I just wanted tell you that I found someone else managed to install unmodified Windows 11 on the unsupported system. This might give a hint for MS's blocking mechanism for older systems:
I was able to install the "leaked" Win11 version on, ironically enough, an 11 yr old HP Pavilion with an Intel Q8400 CPU. The trick is to not use the standard Windows installation procedure and instead "deploy" the Win11 "install.wim" file via Diskpart/DISM or a 3rd party installer (which I did).
A weak effort, then.
Interesting. My take on all this is:
"We are preparing a New Release of the O.S. But in order to use it, you must buy what we tell you to buy."
That is a bit extreme in the name of Security.
A simple Warning Disclaimer would be sufficient.
If their installation requirements in the name of security are so insecurely coded...
Well, if anyone is too unhappy about it, they can always visit this link.
For me, the simplest answer for this "why" is a corporate profit.
Some years ago, when MS started to marketing MS bland hardware and even opened now mostly closed brick and mortar "Microsoft Stores", the speculation was that they were eyeing at Apple's business model.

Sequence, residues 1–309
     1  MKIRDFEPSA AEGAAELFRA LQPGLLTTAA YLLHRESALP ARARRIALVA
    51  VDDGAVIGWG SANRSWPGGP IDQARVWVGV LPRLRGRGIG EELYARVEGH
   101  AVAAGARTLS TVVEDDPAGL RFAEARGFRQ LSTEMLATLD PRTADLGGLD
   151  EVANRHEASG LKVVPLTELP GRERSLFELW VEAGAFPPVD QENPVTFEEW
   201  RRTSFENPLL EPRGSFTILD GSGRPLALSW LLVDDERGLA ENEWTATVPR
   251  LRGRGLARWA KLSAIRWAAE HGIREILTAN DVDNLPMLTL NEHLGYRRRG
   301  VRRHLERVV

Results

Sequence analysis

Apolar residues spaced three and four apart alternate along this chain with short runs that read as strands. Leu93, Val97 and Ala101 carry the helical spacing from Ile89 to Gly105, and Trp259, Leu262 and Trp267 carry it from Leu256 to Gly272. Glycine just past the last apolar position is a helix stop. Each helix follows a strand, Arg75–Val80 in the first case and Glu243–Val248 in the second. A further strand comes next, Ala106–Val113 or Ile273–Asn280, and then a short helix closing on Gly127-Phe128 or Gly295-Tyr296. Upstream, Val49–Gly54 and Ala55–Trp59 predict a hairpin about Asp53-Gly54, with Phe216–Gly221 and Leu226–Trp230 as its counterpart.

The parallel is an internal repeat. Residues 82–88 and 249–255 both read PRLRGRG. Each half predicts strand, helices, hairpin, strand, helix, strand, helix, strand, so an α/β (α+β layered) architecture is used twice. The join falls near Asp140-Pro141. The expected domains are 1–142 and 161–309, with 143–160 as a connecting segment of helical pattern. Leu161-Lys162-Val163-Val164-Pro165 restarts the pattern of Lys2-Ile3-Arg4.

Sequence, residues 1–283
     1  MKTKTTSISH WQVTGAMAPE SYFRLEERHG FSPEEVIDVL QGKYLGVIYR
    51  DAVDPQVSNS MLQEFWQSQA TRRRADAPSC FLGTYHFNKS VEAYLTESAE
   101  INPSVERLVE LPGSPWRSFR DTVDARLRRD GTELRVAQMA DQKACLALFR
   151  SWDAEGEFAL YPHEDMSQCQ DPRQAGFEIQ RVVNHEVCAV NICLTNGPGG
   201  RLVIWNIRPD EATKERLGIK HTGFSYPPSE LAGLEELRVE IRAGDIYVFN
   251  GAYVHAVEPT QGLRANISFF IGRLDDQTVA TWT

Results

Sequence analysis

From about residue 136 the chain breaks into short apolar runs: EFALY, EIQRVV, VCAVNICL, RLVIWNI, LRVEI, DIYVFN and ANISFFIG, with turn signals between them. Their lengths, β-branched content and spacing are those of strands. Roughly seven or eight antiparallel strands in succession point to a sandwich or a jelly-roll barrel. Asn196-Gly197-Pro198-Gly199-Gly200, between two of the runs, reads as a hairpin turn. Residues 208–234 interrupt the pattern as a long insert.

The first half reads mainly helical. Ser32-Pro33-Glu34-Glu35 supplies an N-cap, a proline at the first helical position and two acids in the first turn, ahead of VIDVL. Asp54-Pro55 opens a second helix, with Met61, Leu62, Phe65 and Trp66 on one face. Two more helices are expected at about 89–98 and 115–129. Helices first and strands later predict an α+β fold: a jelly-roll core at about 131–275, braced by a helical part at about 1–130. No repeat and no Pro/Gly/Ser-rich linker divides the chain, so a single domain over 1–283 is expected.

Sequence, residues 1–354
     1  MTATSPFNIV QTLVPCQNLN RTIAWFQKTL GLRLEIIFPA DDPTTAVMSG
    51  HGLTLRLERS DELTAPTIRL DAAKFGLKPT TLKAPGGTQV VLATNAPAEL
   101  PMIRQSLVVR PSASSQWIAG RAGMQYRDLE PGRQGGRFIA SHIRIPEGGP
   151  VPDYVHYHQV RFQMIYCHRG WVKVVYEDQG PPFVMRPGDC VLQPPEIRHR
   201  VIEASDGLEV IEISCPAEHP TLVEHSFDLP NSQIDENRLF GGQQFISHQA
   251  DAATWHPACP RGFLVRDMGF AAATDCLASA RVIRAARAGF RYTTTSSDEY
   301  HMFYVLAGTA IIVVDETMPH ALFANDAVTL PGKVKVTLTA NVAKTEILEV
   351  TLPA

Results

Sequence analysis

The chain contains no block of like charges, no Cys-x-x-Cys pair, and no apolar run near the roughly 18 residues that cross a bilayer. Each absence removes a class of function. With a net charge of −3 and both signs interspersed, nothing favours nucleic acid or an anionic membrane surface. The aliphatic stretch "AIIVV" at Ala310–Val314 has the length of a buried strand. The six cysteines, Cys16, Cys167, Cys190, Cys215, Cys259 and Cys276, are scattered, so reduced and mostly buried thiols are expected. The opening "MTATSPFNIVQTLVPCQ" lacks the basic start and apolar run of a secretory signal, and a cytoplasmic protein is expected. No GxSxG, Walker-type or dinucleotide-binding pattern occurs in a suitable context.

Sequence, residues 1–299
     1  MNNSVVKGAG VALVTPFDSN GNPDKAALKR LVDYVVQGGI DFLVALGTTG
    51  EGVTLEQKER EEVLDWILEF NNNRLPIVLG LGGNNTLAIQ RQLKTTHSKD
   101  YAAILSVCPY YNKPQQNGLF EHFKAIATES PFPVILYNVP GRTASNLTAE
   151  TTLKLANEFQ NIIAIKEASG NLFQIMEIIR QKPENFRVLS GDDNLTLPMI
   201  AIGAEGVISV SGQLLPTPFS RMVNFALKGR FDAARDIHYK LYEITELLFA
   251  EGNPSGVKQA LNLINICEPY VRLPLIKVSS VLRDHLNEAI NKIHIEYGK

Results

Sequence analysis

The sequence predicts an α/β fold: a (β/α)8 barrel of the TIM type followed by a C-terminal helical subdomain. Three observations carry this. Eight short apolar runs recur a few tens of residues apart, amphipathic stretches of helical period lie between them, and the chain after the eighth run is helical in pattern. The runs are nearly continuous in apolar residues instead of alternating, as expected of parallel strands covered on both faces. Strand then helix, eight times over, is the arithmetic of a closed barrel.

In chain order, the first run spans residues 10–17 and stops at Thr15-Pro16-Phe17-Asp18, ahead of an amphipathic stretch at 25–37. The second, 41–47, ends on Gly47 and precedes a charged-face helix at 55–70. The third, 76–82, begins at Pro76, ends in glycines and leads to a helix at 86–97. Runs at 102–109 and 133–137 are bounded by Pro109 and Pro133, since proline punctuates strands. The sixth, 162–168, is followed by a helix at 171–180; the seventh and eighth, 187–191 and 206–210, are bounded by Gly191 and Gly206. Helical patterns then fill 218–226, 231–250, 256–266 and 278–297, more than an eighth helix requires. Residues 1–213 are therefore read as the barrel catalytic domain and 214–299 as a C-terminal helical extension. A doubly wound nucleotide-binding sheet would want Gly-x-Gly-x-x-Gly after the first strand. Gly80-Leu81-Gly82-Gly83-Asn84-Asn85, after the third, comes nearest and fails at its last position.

Apple is not selling their OS by itself (the last such OS for sale was Snow Leopard disk which still sits in my drawer as a memento for my Hackintosh career). Anyone who wants to use macOS must purchase Apple hardware with it. I think it is way more profitable than selling OS alone and providing support for hardware which is not made/sold by Apple.
I quote Avarisian's words one more time here.
I am sure some people at MS sit at their desk all day long and doing such calculation/simulation for how to maximize their profit
Well, yes - since you can "upgrade" to Windows 11 for "Free."
Microsoft has never been in the "free" business, so that money must come from somewhere.
Radio; Google; Youtube; For many, advertising revenue has been the primary source of cost covering. Obviously, lucratively.
Microsoft has no infrastructure in place for advertising revenue. However, it is a good point that MS has ventured into Console Gaming (X-box) and marketing MS Bland Hardware. It may well be that MS sees its future in Hardware Dominance.